In Case You Missed It: San Diego Union Tribune and Santa Rosa Press Democrat Urge Legislature to Act on Transportation Funding This YearAugust 18, 2015
August 17, 2015
Sacramento – Now that the state Legislature has returned for its final month, editorial boards, along with members of the Fix Our Road coalition, including cities/counties/business groups/transportation groups, are calling on the Legislature to get serious about addressing California’s transportation crisis.
From the San Diego Union-Tribune: “Road-repair funds must be protected from diversion” August 16, 2015
- “…a vast bipartisan coalition has emerged that makes it likely the state government will undertake a major program of repairs and improvements.
- “The [Fix Our Roads] group’s seven priorities are mostly common-sense calls for improving ease of transportation of major goods to help the economy and requiring full transparency in divvying up funds and deciding what projects to do. One proposal, stands out in importance: ensuring transportation revenues are use only for transportation-related purposes. In 2010, Gov. Arnold Schwarzenegger and the Legislature approved a complex maneuver that diverts nearly $2 billion a year from road repairs to the general fund. Fuel taxes from off-road vehicles and truck-weight fees are also used for general spending.”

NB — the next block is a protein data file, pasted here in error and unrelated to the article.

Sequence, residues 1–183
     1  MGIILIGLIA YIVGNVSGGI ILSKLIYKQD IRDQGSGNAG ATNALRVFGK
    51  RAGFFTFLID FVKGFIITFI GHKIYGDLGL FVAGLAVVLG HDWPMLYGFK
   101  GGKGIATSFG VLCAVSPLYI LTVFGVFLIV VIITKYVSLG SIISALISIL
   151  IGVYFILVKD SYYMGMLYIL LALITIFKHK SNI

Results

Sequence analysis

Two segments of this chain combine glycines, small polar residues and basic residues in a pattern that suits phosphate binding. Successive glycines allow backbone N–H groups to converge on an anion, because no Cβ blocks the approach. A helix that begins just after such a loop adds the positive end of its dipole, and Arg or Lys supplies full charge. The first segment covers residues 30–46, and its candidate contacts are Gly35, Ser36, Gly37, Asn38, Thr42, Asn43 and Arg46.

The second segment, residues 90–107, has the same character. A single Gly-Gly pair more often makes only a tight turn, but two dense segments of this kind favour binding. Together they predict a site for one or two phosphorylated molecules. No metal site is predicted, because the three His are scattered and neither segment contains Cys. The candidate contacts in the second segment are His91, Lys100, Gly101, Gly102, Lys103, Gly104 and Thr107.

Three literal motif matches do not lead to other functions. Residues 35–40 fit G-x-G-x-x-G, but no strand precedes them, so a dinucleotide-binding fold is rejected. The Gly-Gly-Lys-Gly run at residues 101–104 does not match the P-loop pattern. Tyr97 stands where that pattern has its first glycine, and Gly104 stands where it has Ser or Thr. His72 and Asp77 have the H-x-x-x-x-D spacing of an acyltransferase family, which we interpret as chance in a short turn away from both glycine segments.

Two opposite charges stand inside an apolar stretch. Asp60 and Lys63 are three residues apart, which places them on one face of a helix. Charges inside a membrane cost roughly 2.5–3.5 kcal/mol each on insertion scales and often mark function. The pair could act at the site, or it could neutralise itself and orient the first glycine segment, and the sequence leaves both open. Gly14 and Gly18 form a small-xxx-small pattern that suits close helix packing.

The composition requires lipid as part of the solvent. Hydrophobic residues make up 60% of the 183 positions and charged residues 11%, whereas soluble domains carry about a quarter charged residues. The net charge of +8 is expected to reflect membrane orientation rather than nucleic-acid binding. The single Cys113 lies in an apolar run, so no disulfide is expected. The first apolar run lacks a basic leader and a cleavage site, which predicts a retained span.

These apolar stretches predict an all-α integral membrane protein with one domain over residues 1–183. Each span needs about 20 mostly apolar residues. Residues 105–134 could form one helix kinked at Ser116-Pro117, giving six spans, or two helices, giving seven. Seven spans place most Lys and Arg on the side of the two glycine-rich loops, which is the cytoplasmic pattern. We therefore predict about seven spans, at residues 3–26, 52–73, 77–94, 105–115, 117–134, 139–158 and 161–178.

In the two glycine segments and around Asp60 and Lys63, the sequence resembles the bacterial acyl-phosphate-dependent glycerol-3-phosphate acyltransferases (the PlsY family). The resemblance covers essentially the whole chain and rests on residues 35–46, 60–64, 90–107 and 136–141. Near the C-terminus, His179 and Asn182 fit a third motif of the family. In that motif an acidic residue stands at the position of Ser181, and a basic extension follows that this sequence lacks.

- “All elected officials should oppose any package of bills that don’t have ironclad protections against such diversions. The use of billions of dollars in gas tax revenue for general purposes is in direct defiance of the public’s will, as expressed in state ballot measures approved in 2002 and 2006 that were meant to yield better roads – not more money to be used at the whim of the governor and Legislature.”
From the Santa Rosa Press Democrat: “PD Editorial: Paying a high price for bad roads” August 16, 2015
- “Motorists are paying a hidden tax for bad roads.”
- “Vehicle repairs attributable to potholes and crumbling pavement cost hundreds, in some places thousands, of dollars a year above and beyond routine maintenance.”
- “California’s roads are only getting worse, and lawmakers should bear in mind that, if roads are improved, any new taxes would be at least partially offset by fewer auto repair bills.”